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A positive definite function $\varphi: G \rightarrow \mathbb{C}$ on a group $G$ is a function that arises as a coefficient of a unitary representation of $G$.

For a definition and discussion of positive definite function see here.

I've often wished I had a collection of diverse examples of positive definite functions on groups, for the purpose of testing various conjectures. I hope the diverse experience of the participants of this forum can help me collect a list of such examples.

To clarify what I'd like to see:

What is an example of a positive definite function on a group $G$ that is not easily seen to be a coefficient of a unitary representation of $G$? What are some positive definite functions that arise in contexts sufficiently removed from studying the coefficients of unitary representations?

Also, the weirder the group $G$ the better.

Edit: There is now a version of this question on MO.

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As per request, I've made the question CW. – Zev Chonoles Aug 13 '11 at 23:42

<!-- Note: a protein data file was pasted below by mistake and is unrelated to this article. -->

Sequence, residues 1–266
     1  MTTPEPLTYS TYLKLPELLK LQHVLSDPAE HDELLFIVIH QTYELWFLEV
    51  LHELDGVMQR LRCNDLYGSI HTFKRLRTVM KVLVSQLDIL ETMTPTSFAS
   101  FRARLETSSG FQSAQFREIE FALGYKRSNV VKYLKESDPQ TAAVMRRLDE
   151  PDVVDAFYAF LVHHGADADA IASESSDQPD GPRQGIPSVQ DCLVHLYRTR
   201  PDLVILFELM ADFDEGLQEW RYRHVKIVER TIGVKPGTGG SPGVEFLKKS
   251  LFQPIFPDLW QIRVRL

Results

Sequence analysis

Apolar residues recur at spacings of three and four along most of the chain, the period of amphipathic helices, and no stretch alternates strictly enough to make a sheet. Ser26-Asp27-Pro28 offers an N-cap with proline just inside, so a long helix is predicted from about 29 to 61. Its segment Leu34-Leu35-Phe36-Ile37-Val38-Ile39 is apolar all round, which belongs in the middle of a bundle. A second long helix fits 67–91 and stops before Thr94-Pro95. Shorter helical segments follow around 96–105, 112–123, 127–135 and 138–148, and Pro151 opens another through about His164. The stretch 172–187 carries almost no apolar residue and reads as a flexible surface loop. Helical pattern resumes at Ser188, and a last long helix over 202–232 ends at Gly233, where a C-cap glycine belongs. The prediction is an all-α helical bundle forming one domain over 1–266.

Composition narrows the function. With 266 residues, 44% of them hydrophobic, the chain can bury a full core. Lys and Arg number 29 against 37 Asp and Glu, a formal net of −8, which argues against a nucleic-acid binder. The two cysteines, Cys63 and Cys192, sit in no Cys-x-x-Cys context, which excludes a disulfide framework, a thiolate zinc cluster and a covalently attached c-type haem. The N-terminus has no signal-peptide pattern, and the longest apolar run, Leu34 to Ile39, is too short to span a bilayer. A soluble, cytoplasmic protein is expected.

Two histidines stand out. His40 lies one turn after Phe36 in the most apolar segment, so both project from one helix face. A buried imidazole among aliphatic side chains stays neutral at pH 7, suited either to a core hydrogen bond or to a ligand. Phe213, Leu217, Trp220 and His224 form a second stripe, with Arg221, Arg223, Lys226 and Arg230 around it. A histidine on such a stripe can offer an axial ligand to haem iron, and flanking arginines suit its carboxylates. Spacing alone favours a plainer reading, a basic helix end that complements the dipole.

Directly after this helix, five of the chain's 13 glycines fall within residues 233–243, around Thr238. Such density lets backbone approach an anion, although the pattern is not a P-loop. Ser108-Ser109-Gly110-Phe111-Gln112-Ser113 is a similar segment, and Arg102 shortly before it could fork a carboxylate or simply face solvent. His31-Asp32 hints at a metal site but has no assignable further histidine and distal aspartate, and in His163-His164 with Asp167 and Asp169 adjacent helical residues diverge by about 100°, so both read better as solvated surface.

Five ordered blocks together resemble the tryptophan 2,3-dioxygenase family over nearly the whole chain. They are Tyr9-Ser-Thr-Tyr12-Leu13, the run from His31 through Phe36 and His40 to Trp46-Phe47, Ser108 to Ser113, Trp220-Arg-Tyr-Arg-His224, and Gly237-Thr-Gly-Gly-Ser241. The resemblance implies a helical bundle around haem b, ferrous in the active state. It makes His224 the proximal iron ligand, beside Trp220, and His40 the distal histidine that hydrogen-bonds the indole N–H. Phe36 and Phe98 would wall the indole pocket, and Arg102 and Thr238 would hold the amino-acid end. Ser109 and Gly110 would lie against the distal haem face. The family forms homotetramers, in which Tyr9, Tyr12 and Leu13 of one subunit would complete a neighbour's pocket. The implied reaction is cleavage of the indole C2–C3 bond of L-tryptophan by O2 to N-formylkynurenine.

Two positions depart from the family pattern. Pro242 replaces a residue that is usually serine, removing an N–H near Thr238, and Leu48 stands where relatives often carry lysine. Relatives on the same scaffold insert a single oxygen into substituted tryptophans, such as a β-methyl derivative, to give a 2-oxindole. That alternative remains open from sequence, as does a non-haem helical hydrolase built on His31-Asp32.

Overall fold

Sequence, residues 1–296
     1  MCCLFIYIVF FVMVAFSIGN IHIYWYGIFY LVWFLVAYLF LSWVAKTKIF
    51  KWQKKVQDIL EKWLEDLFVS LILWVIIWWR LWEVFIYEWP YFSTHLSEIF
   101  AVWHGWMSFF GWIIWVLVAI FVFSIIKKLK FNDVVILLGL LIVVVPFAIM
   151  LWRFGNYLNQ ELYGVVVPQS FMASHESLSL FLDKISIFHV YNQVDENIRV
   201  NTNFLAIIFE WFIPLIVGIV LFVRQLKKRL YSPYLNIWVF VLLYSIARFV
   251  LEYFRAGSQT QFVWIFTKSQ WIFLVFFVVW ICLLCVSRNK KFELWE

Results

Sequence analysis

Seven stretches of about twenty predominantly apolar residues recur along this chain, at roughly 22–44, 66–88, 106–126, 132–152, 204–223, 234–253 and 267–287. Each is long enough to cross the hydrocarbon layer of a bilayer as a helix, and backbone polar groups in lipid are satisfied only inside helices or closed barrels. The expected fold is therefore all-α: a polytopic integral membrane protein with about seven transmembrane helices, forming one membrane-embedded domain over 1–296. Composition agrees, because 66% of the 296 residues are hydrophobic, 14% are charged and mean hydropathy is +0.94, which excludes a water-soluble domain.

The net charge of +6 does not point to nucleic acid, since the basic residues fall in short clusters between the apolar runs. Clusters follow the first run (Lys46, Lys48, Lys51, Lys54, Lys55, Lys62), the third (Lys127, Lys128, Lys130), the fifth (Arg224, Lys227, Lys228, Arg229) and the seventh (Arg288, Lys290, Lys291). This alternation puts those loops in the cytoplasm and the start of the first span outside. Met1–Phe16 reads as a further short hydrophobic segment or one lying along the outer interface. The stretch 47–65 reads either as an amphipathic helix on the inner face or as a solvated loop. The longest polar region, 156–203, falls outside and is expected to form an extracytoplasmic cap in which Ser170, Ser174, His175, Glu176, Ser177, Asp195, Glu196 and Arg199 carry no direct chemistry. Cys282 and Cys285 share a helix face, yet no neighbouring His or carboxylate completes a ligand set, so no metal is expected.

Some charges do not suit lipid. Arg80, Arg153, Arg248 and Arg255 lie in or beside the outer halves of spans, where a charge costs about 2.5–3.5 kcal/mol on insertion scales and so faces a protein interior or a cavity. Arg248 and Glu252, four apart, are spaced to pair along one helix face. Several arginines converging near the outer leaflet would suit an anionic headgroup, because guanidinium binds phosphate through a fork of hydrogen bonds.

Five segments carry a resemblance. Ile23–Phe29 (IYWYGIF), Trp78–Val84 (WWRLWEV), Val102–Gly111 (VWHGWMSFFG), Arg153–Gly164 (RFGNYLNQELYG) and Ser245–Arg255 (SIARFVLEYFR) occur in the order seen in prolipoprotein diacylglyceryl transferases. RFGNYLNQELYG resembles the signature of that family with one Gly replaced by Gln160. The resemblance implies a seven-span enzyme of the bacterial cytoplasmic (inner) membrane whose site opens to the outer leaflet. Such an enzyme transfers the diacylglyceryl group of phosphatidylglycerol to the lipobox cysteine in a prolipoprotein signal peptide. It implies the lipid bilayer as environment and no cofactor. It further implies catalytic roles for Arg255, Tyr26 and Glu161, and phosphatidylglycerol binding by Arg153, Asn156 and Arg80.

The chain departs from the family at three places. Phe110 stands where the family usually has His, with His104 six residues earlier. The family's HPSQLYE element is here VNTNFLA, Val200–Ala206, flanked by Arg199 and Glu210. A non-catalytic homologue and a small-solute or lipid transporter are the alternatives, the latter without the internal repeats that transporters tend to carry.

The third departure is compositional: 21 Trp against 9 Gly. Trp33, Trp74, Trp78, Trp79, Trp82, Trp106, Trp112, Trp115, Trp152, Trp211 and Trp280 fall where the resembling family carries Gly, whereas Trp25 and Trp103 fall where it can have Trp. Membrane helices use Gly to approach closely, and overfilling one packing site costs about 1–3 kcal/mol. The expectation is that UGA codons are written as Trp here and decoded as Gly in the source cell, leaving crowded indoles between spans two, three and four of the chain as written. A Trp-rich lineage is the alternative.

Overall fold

Thank you, Zev! – Jon Bannon Aug 13 '11 at 23:45
I guess my favourite example is $\frac{1}{1+x^2}$ on $\mathbb{R}$. But it's not quite clear what exactly you're looking for: explicit positive elements of the Fourier algebra or would a function of the form $f \ast \tilde{f}$ for $f \in L^2(G)$ already be satisfactory for you? I find the exposition on positive definite functions in appendix C of Bekka-de la Harpe-Valette quite nice, but sect 13.4 and the following chapters of Dixmier's book on $C^\ast$-algebras is still the best source in my opinion (few explicit examples, though). – t.b. Aug 14 '11 at 10:06
let me clarify, Theo. – Jon Bannon Aug 14 '11 at 11:43
Thanks for the tag edits, someone! – Jon Bannon Aug 14 '11 at 11:54

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